Students gather in December for The Great Exchange, led by the BCM at Georgia State University – Newton County campus. BCM Campus Minister Tony Gray reported approximately 40 Gospel conversations and 22 salvations thorugh that and a follow-up event supported by area churches and the Stone Mountain Baptist Association. TONY GRAY/Special
Campus minister says support from local churches, Baptist association, crucial in reaching students
NEWTON COUNTY – Strange things are happening on college campuses these days. Institutions once known as places where students rallied in support of free speech are now seemingly bent – led by those students – on doing anything to limit speech. Many of these establishments of higher learning are growing more antagonistic toward the very Gospel that they were chartered to advance.
For those commissioned to share that Gospel on today’s college campuses, the challenges are great. But one thing we can learn from Christian history is that challenges are often the fertilizer God uses to grow His kingdom. Regardless of what’s happening on a campus, there’s reason for hope.
Tony Gray, Baptist Collegiate Ministries (BCM) campus minister at Georgia State University’s Newton County campus, became a Christian at a young age. He would develop a desire for missions, but the jungles of South America or large populations of the Middle East wouldn’t become Tony’s primary place of service. Instead, he has spent nearly 40 years ministering to students. The setting for much of those years would be one just as much in need of the gospel as those in South America and the Middle East – the American college campus.
Responding to the hunger
“Our campuses are becoming more and more diverse with population and lifestyles,” Gray explains. “But we have found a hunger within this generation of students that can’t be really helped without them coming to Christ.”
Identifying that hunger doesn’t come without effort on the part of Gray and other leaders. To do that he and his team meet with students weekly during the semester for meals together and to engage in intentional conversations about the gospel. They also lead in The Great Exchange, an on-campus event where active engagement takes place between BCM members and those curious about their faith.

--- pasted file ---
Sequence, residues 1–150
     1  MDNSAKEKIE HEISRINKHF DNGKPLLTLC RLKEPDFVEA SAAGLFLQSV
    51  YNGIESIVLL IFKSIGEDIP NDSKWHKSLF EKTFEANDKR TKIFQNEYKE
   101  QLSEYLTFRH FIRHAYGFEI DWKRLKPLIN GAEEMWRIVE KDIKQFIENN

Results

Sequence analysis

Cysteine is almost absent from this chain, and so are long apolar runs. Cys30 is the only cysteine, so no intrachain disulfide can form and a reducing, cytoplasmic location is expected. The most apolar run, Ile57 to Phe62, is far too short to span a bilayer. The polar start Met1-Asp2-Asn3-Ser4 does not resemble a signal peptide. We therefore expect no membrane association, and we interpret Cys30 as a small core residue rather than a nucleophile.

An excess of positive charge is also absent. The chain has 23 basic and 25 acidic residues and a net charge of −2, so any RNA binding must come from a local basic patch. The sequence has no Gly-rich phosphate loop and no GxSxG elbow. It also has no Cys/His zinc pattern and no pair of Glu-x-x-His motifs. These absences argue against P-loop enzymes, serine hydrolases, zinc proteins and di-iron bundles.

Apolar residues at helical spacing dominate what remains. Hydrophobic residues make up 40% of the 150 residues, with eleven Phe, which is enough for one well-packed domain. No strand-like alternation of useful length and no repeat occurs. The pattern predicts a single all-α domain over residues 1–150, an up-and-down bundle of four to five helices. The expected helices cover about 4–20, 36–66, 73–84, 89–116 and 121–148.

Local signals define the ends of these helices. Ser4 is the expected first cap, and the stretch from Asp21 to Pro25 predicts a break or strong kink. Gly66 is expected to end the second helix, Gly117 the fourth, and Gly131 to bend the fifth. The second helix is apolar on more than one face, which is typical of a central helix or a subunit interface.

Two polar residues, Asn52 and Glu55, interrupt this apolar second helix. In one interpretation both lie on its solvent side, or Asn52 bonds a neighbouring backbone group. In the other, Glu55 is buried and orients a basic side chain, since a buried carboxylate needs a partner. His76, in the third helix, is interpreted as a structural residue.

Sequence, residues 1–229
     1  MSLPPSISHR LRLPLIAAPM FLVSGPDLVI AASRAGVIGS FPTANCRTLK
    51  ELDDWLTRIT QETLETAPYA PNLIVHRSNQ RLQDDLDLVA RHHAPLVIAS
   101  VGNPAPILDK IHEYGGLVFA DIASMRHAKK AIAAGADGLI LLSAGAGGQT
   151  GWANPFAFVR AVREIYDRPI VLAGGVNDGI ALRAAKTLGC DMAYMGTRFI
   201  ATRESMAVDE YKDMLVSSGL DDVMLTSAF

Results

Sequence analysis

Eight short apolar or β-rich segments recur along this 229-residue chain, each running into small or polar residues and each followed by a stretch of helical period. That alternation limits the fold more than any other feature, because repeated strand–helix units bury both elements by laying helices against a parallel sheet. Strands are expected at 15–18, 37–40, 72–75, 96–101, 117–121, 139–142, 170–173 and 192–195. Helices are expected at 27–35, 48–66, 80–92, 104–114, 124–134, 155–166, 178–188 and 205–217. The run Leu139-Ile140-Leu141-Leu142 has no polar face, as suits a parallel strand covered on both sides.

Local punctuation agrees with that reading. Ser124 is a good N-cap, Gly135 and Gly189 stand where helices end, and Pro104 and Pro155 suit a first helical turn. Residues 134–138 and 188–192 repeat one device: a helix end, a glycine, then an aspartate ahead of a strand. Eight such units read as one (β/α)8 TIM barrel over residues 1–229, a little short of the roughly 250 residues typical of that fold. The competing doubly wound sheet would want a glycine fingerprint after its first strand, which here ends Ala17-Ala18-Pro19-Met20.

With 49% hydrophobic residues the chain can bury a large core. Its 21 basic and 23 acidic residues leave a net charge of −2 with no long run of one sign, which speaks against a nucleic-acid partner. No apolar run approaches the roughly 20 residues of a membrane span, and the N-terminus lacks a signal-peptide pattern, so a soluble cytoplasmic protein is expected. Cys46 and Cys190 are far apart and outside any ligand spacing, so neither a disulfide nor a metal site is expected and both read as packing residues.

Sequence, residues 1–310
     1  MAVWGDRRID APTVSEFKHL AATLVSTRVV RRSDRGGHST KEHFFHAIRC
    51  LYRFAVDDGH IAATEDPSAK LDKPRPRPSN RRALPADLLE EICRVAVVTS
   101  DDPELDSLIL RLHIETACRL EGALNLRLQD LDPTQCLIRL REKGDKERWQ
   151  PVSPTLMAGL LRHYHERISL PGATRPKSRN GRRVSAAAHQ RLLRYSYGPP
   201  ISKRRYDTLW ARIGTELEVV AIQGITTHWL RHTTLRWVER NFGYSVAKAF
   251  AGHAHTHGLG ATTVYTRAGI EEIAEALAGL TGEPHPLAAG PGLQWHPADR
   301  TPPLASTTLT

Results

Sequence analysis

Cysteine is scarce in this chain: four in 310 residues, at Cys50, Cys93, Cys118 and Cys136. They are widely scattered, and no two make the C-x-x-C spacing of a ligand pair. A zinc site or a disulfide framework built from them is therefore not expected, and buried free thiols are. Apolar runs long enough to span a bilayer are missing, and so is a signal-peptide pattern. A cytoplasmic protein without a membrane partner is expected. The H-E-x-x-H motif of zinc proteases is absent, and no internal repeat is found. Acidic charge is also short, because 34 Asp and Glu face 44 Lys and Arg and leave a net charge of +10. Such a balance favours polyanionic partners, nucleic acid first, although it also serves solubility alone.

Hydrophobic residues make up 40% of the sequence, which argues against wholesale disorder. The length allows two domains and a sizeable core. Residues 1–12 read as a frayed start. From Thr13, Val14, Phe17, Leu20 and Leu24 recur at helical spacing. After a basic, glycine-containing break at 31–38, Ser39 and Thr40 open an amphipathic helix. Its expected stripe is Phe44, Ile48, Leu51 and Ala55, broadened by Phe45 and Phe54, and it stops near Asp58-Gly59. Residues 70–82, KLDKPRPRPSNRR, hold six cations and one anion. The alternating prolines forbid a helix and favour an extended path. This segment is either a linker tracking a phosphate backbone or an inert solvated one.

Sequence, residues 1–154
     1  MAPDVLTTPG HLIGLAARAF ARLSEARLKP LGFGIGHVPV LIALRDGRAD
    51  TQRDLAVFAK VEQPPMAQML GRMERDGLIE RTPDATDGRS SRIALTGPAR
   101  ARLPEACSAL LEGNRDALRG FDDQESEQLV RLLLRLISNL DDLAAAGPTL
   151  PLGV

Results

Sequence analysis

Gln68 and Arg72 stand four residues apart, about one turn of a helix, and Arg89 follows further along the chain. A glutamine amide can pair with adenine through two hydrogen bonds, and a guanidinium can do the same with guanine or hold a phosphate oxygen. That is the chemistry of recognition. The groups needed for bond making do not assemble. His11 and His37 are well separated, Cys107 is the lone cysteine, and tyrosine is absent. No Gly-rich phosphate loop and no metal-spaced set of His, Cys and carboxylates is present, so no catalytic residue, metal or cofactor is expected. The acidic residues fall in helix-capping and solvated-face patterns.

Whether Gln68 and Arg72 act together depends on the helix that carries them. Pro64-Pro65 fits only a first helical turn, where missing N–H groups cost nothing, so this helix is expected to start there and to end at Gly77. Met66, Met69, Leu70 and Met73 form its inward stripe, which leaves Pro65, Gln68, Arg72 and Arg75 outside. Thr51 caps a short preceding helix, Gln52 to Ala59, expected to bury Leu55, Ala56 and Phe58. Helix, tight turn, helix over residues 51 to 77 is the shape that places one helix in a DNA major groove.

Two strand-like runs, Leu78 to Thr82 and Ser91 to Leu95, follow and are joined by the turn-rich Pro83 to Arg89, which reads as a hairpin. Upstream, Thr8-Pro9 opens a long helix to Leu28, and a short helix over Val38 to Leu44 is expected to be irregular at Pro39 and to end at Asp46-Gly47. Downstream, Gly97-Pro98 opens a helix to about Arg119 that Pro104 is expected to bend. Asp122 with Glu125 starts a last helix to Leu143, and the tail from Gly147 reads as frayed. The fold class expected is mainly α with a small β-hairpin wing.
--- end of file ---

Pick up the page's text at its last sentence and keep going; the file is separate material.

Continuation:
All those steps coupled with an end-of-semester event brought a result that even the most pessimistic should see means college campuses aren’t beyond reach.
On Dec. 3, over 300 students received a meal through the support of Georgia Baptist Disaster Relief. Somewhere around 40 conversations about the gospel took place. On that chilly day, 22 people were saved by God’s grace.
A time to be proactive
This isn’t a numbers game for Gray, with BCM involvement of those salvations ending after the Sinner’s Prayer. Within 24 hours someone from his team contacts those new believers in Christ, gives them follow-up materials, and connects them to other believers “to help in the discipleship process,” Gray says.
Much of the hand-wringing over collegiate ministry has more to do with politics and sociology than theology. Looking from the outside, many would assume campuses are filled with whiners who are beyond redemption because they’re too busy looking for safe spaces.
Gray doesn’t share that perspective. Rather, he sees these students as image-bearers in need of grace. That’s evident, among other things, in his answer when asked about the worldview clash found on campus.
“The questions we are asked and the responses we receive can sometimes be very sad. But it is encouraging to see the response from students as they ask questions and respond,” he notes. “This is a great time for campus ministries and church college ministries to be proactive in sharing Christ and building bridges with the Gospel to college and university students!”
In other words, the college kid wanting to restrict Christian speech and thinking there are 37 genders should not be viewed as an enemy of the church, but rather a potential object of grace.
A team effort
Those students have questions best answered face-to-face over a meal rather than in angry subtweets or groanings of how much worse this generation is than the ones before it. Gray points out how, yes, sometimes those questions can be quite sad. But they aren’t nearly as sad as the ones left unanswered because older generations of Christians have given up on today’s students.
Reaching those students requires a lot of help, Gray testifies.
“The CM family there at GSUN would like to thank so many for their service! We have seen the evidence of believers working cooperatively together for the Kingdom!”
For their help at this particular event Gray pointed out Clint Culpepper, associate pastor for Harvest Baptist Church in Covington who serves as head of the BCM Advisory Team for GSUN, as well as young adult pastors Jeff Riley (First Baptist Conyers) and Jeff Clegg (First Baptist Social Circle). The roles filled by Lyman Fisher, head of the Stone Mountain Baptist Association Disaster Relief team, and SMBA Associational Missions Strategist Larry Cheek were also crucial.
“It was truly a great day!” Gray shared in an email. “Please keep these new believers and all the students touched by the good news in your prayers in the days ahead as they are followed up in their decisions!
“To God be the Glory … great things He hath done!”
Jay Sanders is a writer and serves as pastor of Towaliga Baptist Church in Jackson. He can be reached at email@example.com.